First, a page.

Can online directories that charge justify their charges?
Some online business directories charge substantial fees for the same level of service as other directories. Should you believe the hype of the statistics that they regurgitate in their sales material? Let's break it down...
"When you list with Gopher.co.nz, you're using the power of the internet to get your business found. You'll also be joining in excess of 130,000 Kiwi businesses who have jumped on the path to success and are enjoying all the benefits of being with Gopher:
- Over 850,000 people visited Gopher New Zealand to find the business, products and services they were looking for over the last 12 months – up 105% on the year before!
- Gopher New Zealand appeared in over 2.2 MILLION Google searches over the last MONTH – a run rate of over 26.4 million searches per year!
- Gopher customers benefited from over 840 MILLION Google & Facebook Ad Impressions over the last 12 months!"
Let's dissect this for a moment by looking at the claims individually.
Firstly - "Over 850,000 people visited... to find the business, products, services..." Yes, they may have visited Gopher. That's great - but did they find what they were looking for? Did they contact any businesses they found? Ie. Did they fill out the contact form or pick up the phone? Did they link through to that business' website? Visits on their own don't carry a sufficient weight if the conversion rate is practically nil.
Secondly - "Gopher appeared in over 2.2 million Google searches." Again, that's interesting, but it doesn't tell us anything of value. It's one thing to turn up in a search, but if they come up in page 4 or 5 of the results (or worse), there's about a 99.7% chance that the Google user isn't even going to get to that page, let alone click through the result.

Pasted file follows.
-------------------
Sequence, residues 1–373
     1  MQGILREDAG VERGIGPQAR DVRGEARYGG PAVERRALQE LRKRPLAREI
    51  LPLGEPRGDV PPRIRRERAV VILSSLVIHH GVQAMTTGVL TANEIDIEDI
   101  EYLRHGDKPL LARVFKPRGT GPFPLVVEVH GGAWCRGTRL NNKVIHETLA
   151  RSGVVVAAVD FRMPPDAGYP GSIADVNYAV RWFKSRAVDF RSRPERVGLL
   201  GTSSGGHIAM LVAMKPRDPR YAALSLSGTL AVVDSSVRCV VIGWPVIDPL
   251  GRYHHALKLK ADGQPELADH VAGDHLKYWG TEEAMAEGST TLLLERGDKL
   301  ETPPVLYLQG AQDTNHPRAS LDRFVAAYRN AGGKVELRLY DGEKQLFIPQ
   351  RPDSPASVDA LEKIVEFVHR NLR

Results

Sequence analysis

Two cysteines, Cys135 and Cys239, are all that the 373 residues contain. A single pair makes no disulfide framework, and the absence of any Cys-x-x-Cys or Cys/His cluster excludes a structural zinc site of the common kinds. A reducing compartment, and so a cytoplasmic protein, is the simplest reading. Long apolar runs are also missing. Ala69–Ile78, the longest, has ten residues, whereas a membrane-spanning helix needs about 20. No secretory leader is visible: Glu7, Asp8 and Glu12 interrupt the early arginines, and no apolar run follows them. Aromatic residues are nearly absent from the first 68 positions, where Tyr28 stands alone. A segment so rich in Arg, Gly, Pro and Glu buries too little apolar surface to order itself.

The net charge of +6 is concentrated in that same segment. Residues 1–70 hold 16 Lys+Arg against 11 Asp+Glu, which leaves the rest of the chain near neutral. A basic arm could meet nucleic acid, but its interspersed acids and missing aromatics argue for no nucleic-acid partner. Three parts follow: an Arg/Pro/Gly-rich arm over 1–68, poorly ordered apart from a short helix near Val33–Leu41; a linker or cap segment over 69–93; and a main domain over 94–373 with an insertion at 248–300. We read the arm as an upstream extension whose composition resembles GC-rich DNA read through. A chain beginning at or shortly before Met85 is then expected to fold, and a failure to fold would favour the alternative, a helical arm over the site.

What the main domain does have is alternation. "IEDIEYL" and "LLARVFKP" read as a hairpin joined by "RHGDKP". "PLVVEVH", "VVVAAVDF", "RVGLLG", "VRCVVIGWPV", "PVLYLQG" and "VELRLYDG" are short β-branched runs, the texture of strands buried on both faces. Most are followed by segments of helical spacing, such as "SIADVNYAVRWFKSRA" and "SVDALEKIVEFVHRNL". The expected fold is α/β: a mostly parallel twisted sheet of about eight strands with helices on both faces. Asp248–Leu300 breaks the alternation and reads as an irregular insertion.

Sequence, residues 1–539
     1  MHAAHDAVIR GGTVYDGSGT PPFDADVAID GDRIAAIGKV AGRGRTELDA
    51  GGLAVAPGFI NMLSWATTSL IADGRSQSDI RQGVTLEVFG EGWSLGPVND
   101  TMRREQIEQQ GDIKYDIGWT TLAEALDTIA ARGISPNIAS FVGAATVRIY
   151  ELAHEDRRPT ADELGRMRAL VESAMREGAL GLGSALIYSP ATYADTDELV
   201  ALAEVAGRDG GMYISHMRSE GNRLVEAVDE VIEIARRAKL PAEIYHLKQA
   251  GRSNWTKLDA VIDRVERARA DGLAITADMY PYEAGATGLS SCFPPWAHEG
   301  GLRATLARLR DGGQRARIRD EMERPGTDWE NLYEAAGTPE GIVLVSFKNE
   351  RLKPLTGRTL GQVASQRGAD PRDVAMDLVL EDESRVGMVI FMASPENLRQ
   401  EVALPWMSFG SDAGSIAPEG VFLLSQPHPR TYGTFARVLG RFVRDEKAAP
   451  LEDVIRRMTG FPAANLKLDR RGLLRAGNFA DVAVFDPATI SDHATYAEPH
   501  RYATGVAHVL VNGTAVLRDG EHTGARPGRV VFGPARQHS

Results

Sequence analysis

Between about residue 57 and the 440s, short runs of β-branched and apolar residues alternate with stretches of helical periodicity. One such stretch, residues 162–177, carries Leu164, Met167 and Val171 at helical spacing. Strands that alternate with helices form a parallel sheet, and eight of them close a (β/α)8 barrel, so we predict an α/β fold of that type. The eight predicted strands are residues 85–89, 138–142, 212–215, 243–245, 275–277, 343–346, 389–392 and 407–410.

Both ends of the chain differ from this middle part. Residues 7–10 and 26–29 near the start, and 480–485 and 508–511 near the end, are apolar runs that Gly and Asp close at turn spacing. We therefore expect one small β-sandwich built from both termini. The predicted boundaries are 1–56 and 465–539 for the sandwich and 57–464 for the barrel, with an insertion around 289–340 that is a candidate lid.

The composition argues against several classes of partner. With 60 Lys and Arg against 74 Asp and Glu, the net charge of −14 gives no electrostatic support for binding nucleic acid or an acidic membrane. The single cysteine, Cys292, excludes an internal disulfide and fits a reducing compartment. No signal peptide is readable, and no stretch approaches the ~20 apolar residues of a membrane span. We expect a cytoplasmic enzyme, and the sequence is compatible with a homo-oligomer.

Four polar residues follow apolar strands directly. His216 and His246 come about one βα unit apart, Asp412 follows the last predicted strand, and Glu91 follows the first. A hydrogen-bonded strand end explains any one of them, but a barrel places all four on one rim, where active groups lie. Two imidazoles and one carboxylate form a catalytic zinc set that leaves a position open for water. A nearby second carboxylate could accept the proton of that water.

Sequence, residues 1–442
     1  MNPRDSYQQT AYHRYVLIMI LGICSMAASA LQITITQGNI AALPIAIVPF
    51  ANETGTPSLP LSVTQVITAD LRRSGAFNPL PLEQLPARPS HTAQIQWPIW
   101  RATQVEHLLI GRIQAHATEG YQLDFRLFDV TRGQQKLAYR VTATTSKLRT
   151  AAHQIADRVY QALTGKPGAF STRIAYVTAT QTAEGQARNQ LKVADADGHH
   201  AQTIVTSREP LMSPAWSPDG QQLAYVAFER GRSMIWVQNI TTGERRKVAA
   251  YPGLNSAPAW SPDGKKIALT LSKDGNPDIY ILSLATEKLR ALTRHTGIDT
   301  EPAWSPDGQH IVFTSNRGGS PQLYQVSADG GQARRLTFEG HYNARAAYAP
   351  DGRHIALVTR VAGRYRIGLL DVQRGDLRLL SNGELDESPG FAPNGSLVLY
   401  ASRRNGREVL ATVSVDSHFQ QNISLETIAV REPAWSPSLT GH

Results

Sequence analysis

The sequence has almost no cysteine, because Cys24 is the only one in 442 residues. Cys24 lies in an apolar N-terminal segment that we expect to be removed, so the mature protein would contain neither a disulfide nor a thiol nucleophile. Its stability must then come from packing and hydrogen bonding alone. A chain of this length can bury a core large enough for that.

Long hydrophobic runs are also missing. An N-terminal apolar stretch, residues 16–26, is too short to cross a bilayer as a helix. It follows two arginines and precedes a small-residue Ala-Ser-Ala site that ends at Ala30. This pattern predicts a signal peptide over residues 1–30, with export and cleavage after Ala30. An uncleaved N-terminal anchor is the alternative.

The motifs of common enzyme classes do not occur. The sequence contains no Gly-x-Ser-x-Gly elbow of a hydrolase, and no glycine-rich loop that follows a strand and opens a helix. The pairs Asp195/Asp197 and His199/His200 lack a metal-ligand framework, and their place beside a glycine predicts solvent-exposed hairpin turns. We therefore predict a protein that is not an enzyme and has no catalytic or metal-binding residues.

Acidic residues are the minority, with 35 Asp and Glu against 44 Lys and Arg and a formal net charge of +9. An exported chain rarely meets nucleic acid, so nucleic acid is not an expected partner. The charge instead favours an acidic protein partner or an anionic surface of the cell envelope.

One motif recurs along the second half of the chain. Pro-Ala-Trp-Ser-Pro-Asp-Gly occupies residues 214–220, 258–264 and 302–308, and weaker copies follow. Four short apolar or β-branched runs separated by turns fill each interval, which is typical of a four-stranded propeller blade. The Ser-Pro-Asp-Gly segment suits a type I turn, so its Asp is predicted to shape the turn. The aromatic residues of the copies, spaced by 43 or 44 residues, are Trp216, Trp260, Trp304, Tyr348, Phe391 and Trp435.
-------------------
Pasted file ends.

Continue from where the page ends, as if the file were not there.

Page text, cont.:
Item three - "over 840 MILLION Google & Facebook Ad Impressions" Another superfluous statistic that means nothing. It doesn't matter how many 'impressions' there were if they can't demonstrate a click-through rate. The most they're doing is demonstrating that they're attempting to spread the word, but without knowing how many people actually read the ad (or saw it) and further, how many acted on that and went to the Gopher website, the statistic is meaningless. How do we even know that the right people in the right markets were being exposed? And the ad was for Gopher, not any specific listing so that exposure works for the Gopher brand, but not your specific business.
If they did click through, search Gopher and find your listing, is there really any more information there (as provided in a Bronze, Silver or Gold listing) than any other free directory? The answer, in our opinion, is no.
We would strongly suggest you do your own search for your industry sector, imagining that you're a potential customer and using keywords that they would use. The search results will vary continuously, but you can be sure that lots of websites in competition to your business will come up ahead of business directories.
We advocate the use of online business directories to help your search engine rankings, so we're not suggesting that you don't use them. Quite the opposite - every business directory 'page' that you create by adding yourself to those directories creates links back to your website. The more links from valid sources that you have back to your website, the higher the importance Google will attribute to your website.
However, there are plenty of free business directories that appear well before any Gopher results - Directories such as Google Local Business, Finda, Zenbu, HotFrog, Yalwa, Tuugo and many others all perform well and are free. Yellow may cost you more than Gopher, but it's brand is established and still relatively entrenched in the minds of anyone over age 25 as the place to go when you want a directory. The product offerings aren't directly comparable, but the brand value of Yellow already gives it a substantial advantage over Gopher.
If you're considering increasing your online marketing investment in order to make your website the valuable marketing tool that it can be, make sure you look at the statistics from an impartial perspective - and question everything. Do your own homework and searches before you commit dollars to any campaign.
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